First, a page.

Monday, March 12, 2007

The Dollars and Cents of One Human Life

One life taken by abortion. What’s the cost to Canadian society?

I get tired of hearing the same old argument that the thousands and millions of children aborted in Canada would simply have been a drain on our resources anyway. As if to say, these children are now better off, having been saved from depleting Canadian resources and most likely a life of great poverty.

How shallow and barbaric our thinking has become. What a weak argument to appease our seared consciences and justify the child killing that goes on in Canada at the rate of 12 unborn children per hour.

Perhaps you have heard of Population Research Institute and its president, Stephen J. Mosher. Founded in 1989, Population Research Institute is a non-profit research and educational organization dedicated to objectively presenting the truth about population-related issues.

In 2005, Mosher wrote a powerful piece dispelling some of the myths about the actual "cost" of human life. His facts and figures centre around the American setting but our Canadian situation would be little different. From his "must read" article It’s the Birthrate Stupid this is the shocking truth about the value of our [unwanted] children:

… what is the economic value of an American baby at conception? The Department of Agriculture estimates the cost of raising a child born in 2005 at around $200,000 over twenty years, a substantial (and probably exaggerated) sum of money. But the future earnings of the child from 2025 to 2070—assuming that wages continue to rise at their current rate—will be well over ten times this amount, probably in the neighborhood of between $4 and $5 million. Discounting these future costs and benefits to the present produces a figure of around $600,000. How many people realize that every abortion is the death of a small fortune—and another nail in the coffin of Social Security?

And another excellent eye opener from about the same time period by Mark Steyn "Strange Death of the Liberal West,"

Most 20-year projections - on global warming, fuel resources, etc - are almost laughably speculative. They fail to take into account the most important factor of all - human inventiveness: "We can't feed the world!" they shriek. But we develop more efficient farming methods with nary a thought. "The oil will run out by the year 2000!" But we develop new extraction methods and find we've got enough oil for as long as we'll need it.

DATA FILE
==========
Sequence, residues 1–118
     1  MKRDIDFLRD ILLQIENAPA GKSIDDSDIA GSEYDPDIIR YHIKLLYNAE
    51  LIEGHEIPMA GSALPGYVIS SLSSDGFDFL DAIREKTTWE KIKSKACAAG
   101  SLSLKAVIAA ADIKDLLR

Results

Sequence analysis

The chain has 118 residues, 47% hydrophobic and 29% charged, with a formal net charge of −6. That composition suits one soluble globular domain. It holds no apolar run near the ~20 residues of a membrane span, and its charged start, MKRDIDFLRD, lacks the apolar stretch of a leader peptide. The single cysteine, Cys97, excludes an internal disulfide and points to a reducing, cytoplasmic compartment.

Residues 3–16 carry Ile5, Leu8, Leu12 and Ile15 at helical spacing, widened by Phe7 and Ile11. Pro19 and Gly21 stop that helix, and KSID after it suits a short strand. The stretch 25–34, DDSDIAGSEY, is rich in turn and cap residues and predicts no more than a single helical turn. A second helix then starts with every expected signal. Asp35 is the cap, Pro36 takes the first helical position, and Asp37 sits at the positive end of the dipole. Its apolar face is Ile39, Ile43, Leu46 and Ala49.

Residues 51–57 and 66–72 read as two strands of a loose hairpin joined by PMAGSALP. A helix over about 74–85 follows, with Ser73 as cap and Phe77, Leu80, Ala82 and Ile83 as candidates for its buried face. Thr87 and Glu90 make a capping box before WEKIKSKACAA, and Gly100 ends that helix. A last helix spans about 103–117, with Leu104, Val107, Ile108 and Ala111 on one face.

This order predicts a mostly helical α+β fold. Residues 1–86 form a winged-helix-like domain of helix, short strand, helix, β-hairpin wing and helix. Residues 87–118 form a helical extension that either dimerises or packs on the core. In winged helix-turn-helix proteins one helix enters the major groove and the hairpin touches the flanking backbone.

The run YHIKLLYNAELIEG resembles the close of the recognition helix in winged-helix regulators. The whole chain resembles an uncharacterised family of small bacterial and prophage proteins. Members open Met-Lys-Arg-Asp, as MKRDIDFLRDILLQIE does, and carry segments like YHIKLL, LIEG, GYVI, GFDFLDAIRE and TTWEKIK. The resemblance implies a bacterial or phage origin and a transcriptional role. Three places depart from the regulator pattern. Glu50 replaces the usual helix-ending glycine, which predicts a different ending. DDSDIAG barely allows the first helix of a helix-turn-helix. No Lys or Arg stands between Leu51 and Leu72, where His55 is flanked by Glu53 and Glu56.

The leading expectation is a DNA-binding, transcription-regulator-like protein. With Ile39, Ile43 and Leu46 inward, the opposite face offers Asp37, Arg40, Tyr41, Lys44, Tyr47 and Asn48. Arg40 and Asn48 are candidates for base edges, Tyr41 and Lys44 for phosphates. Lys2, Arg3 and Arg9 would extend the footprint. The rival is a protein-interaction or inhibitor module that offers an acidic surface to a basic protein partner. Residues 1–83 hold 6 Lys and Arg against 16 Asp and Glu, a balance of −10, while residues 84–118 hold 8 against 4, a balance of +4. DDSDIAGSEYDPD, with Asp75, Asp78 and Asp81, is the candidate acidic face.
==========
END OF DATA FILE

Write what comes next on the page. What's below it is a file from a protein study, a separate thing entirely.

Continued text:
But human inventiveness depends on humans - and that's the one thing we really are running out of. When it comes to forecasting the future, the birth rate is the nearest thing to hard numbers. If only a million babies are born in 2005, it's hard to have two million adults enter the workforce in 2025 (or 2033, or 2041, or whenever they get around to finishing their Anger Management, Systemic Racism and Gay Studies degrees). If that's not a political issue, what is? To cite only the most obviously affected corner of the realm, what's the long-term future of the Scottish National Party if there are no Scottish nationals?

James A. Weber has addressed this subject since the seventies, first in his book, Grow or Die, and in 2005 in this excellent article, Let's Hear It For Population Growth!

Canada's current situation was recently summed up in this article.

How often is too often to discuss the devastation of abortion?

I don’t know. But we’re not anywhere’s close.


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